We have our quirks. Here’s one of mine. I love to leave home and go on vacation. You get to enjoy the planning, the anticipation, being with family and friends, there are new places and good times. Then, even before the vacation is over, I am every bit as anxious to get back home. As Dorothy reminds us, despite the greenness of Oz or Virginia, “there’s no place like home.”
Vacation doesn’t describe our mission, adventure is a better word, but the quirk still applies. Many months ago, we enjoyed the anticipation of an inspired mission call and the excitement of meeting new people and seeing new places. We have learned the restored gospel bonds us with an eternal relationship to people and places. We love our Charlottesville home and our friends here. We love the message of peace and love found in The Church of Jesus Christ of Latter-day Saints. In the months to come we will leave our home in Virginia.
Trunky (or is it trunkie, who knows, it’s a missionary taboo to put the word in writing) is a Mormon missionary word. Although our mission ends in December we are not trunky, life is too busy and we will work until the last institute class, the last apartment inspection, and the last Family Home Evening. However, our practical conversation includes what we need to do in preparation for changes and how we might serve when we get home.
It’s a problem when a missionary dwells on home at the expense of the Lord’s work. With that in mind it is not unreasonable to think the Lord wants us to learn lessons about home. Many are given wonderful memories of the homes of parents and grandparents. Good homes are a place of security and peace. The people we love the most are associated with the places we call home.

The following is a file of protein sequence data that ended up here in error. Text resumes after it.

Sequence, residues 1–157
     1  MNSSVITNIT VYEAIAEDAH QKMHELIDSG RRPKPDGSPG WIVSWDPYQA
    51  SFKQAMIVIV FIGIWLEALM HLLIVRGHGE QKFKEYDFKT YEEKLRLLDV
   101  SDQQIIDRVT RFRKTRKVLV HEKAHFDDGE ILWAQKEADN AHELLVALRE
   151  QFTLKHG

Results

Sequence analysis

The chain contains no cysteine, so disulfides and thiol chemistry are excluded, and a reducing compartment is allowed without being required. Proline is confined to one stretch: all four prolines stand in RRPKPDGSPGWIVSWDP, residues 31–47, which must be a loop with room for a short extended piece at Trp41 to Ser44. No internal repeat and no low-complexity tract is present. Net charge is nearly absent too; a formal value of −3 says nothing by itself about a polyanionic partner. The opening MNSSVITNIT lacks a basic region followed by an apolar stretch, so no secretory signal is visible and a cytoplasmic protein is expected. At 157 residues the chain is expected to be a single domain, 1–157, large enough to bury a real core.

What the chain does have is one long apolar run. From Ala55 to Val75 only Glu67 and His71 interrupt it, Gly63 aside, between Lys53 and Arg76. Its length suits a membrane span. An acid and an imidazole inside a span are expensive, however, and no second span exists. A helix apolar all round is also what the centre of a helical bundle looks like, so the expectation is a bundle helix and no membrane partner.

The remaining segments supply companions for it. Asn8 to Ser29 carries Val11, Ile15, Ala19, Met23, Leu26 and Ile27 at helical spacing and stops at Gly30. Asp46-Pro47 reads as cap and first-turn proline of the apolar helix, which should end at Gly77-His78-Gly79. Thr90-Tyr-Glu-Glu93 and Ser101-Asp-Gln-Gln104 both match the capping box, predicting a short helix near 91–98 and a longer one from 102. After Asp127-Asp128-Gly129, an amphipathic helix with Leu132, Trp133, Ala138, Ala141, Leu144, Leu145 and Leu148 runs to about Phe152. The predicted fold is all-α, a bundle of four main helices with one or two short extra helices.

Dozens of missionaries are now our new friends, and nearly all of them speak fondly of their homes. They serve with honor and do the work of the Lord. They see others accept the gospel and join the church. They learn that good homes and families bless the lives of everyone and they leave the mission with a desire to build righteous homes for themselves. For 24 or 18 months their home is where they serve within the Virginia Richmond Mission, but at the end, when they are about to return to their traditional home, you can’t miss the smile on their face and the gleam in their eye.
We love our mission home, but as the song O My Father reminds us, “Yet ofttimes a secret something whispered, ‘you’re a stranger here’ “. We hear that whisper in Charlottesville in more ways than one. The whisper reminds us of our home in the west, but it also reminds us we have “wandered from a more exalted sphere”. The future for all of us is the same. We will return to the God who gave us life, and if we are faithful, we will live with those we love in a celestial home.
The Family, a Proclamation to the World, says it well, “The divine plan of happiness enables family relationships to be perpetuated beyond the grave. Sacred ordinances and covenants available in holy temples make it possible for individuals to return to the presence of God and for families to be united eternally.”
The words happiness, family relationships, and families united eternally sound very good to us. We look forward to the times when we will no longer be strangers here.